Medal awarded to Maud(e) Hood in 1894. The inscription reads: “MAUDE HOOD | FIRST LADY CENTURY RIDER | NEW HAMPSHIRE | 1894 N.H.C.C. | Manchester June 1893 | June 24. Photograph courtesy of Richard A. Davis, of Cape Elizabeth, Maine.
Before I tell you Maud Hood’s story, I should explain a few terms, and how her accomplishment was unusual and wonderful. A Century Rider is a bicyclist who has completed a 100-mile ride. This is a milestone nearly every cyclist strives to reach today, and century rides are fairly common. However the feat was not common in the late 19th century for women.
Maud(e) Hood was awarded a medal in 1894 for a June 24, 1893 accomplishment of riding 100 miles during a bicycle event held in New Hampshire. NHCC possibly stands for New Hampshire Cycling Club [see photograph insert].
At the time of this award she was living at 27 Grove Street, Manchester, New Hampshire, then part of Manchester Corp. housing, as one of many immigrant workers from Scotland. Her occupation at that time was compositor [setting of type to be ready for printing] for the “Mirror” newspaper. Continue reading
The Hammond home and physician’s office on Main Street in Nashua, NH, near the corner of Pearl, circa 1903.
Usually the photograph of a human face spurs me to write a story, but in this case it was one of an ivy covered building. The Ebay description hinted that it might be located in Nashua, New Hampshire, for that is where the postcard was mailed from in 1903. It turns out that this was well worth my attention. The residence pictured here was the home and physician’s office of two of Nashua, New Hampshire’s well known physicians–Evan B. Hammond, and his son Charles B. Hammond. If one zooms in closely to the small building to the right, the sign reads “Dr. C.B. Hammond.”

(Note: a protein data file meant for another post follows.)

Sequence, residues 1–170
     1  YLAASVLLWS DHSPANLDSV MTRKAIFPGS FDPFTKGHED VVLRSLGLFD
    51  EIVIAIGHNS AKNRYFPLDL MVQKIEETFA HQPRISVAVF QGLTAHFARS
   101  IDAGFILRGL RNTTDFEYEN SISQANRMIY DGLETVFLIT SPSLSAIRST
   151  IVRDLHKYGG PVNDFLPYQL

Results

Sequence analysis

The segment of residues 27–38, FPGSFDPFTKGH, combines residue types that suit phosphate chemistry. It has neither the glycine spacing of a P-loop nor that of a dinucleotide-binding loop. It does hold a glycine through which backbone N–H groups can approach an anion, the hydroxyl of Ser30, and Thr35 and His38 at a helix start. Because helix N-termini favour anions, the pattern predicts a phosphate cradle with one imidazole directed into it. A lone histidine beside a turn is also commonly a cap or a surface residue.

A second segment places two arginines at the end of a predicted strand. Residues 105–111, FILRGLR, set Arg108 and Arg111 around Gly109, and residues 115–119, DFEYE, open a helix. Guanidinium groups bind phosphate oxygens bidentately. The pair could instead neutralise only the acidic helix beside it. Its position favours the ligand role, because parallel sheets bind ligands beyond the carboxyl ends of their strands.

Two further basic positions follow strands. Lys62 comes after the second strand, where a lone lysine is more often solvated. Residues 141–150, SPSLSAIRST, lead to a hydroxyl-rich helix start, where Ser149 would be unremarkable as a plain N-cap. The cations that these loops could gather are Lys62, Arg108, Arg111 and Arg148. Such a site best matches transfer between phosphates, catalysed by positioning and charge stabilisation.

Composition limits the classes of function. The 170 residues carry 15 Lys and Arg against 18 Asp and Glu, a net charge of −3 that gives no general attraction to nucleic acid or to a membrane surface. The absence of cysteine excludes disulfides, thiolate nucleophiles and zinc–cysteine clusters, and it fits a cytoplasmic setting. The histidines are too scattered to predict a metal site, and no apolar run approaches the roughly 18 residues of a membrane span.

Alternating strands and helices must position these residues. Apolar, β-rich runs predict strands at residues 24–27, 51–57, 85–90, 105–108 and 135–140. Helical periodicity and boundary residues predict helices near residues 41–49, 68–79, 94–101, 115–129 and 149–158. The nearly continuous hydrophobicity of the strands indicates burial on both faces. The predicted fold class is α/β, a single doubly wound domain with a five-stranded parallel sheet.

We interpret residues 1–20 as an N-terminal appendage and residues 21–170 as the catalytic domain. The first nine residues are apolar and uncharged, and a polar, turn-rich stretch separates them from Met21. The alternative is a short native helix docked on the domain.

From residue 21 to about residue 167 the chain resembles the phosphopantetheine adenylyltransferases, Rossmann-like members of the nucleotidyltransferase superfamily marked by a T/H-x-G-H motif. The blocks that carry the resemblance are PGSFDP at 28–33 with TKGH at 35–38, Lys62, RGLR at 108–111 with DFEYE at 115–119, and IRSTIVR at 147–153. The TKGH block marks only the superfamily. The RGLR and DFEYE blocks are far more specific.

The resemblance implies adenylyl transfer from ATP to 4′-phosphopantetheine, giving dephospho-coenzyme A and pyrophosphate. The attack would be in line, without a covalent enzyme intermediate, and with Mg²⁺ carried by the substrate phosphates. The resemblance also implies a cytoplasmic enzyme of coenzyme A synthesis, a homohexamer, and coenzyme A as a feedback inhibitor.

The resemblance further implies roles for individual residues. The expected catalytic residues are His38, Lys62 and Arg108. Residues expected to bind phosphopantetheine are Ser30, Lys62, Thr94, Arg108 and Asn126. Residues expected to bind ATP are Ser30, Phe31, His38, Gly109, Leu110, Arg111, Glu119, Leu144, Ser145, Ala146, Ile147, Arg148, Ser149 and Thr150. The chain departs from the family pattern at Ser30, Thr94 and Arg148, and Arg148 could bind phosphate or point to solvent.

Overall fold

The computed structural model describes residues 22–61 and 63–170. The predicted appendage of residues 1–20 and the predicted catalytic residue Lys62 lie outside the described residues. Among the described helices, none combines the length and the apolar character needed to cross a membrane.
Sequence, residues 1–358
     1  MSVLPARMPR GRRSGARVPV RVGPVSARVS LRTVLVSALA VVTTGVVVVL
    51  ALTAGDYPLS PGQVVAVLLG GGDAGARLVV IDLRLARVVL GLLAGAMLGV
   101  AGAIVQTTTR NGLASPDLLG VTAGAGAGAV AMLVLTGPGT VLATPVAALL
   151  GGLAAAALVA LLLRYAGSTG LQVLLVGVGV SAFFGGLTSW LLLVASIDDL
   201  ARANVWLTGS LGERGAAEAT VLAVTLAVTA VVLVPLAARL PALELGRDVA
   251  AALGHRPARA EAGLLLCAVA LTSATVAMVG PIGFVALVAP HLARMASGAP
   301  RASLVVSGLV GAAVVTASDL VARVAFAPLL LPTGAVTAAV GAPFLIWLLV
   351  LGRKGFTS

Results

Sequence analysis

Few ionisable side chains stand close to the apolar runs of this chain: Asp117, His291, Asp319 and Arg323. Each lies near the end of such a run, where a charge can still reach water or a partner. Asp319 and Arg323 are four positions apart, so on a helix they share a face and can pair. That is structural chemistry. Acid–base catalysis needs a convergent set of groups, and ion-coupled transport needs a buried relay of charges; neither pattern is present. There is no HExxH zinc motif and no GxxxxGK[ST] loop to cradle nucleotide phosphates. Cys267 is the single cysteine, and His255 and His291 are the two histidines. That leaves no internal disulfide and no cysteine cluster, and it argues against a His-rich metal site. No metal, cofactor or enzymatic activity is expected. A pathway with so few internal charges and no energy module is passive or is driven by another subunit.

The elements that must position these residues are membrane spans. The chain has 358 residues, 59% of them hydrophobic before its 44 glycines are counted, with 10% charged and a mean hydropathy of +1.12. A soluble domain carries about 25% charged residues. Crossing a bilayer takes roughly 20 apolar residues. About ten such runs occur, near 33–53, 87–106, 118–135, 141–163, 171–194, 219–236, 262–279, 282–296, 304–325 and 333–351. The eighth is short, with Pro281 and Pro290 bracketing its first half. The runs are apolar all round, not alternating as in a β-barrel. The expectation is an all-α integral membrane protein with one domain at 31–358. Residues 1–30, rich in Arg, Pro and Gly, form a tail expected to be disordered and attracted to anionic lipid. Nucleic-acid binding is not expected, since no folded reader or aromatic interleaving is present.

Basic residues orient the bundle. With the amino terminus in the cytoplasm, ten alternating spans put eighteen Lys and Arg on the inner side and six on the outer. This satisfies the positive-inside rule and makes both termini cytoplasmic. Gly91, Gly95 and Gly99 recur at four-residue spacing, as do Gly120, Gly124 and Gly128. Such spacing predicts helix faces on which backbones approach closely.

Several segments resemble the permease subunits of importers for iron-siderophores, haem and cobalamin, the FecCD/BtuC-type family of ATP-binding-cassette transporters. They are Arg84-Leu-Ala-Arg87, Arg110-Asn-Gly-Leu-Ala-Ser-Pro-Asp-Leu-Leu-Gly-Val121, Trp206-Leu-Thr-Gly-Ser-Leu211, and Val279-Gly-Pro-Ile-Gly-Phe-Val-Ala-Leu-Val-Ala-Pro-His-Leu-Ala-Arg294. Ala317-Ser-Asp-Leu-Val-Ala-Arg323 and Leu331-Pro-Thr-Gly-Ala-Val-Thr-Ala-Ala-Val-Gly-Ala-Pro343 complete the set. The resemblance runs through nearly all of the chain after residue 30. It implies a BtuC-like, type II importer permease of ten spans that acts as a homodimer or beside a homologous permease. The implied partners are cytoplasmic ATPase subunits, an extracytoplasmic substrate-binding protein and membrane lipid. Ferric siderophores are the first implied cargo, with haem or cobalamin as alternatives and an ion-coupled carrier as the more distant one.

Charles B. Hammond not only was one of the founders of Nashua’s first hospital, but also wrote the Medical History of Nashua, section in the 1897 book: “History of Nashua, New Hampshire, by Judge Edward E. Parker. On that account, citizens of Nashua have much to be grateful to him. Continue reading
My mother, Mary Manning and her niece Judy Beauregard with the original Benson’s Wild Animal Farm ‘lucky elephant, ‘sometime in the 1940s. Photograph copyright Janice W. Brown
A few months ago there was a flurry of stories about the large concrete elephant at Tufts University having finally fallen apart, with a new (and different) one being constructed to replace it. The disintegrated 10-foot elephant was a “lucky” one that originally sat at Benson’s Wild Animal Farm in Hudson, New Hampshire.
According to several published stories, the elephant was bought in 1993 by Tufts University alumni class of 1958 for $4,500 from Benson’s Animal farm to replace a former mascot (despite the fact that the new mascot was an Indian elephant, while the school’s original “Jumbo” was an African elephant). The original trunk of this cement elephant was dropped down (see photograph of original elephant on left). Arthur Provencher, who bought the park in 1979, replaced the trunk portion so that it would be ‘luckier’ by curling up instead of down.
Leonard & Rosella (Phelps) Colby of Northfield and Bow, New Hampshire, from a gem sized tintype.
It is remarkable how many families I find myself connected with in New Hampshire. Here is yet another case where I purchased a lot of identified gem-sized tintypes on ebay, researched them, and found that they were related, albeit distantly, to me. In this particular case. They are of Leonard & Rosella (Phelps) Colby of Bow, Merrimack County NH, and then about the same time I purchased an additional tin-type of her parents, David & Irena (Davis) Phelps of Northfield, NH. Their genealogies, and additional photographs, are found directly below.
The Colby, Phelps, Davis and Yeaton families of Northfield New Hampshire are greatly connected. Those families married and intermarried several times, weaving strong connections are you will discover below.
Chester and Emma Fairbanks of Nashua, New Hampshire. Photograph probably taken in the 1880.
The youthful, hopeful faces of Chester M. Fairbanks, and his first wife Emma Belle peer out at me from the fragile tintype photograph. Along with the tintypes I have two CDVs of them, with a delicate but enigmatic script on the back: “‘C.W’ and “‘E.B.’ Fairbanks. Send to Myrtie B. Fairbanks, La Gloria, Cuba.”
There was nothing simple about researching this family, for their lives and journeys were convoluted, as lives often are–full of hopes, joys and disappointments. Continue reading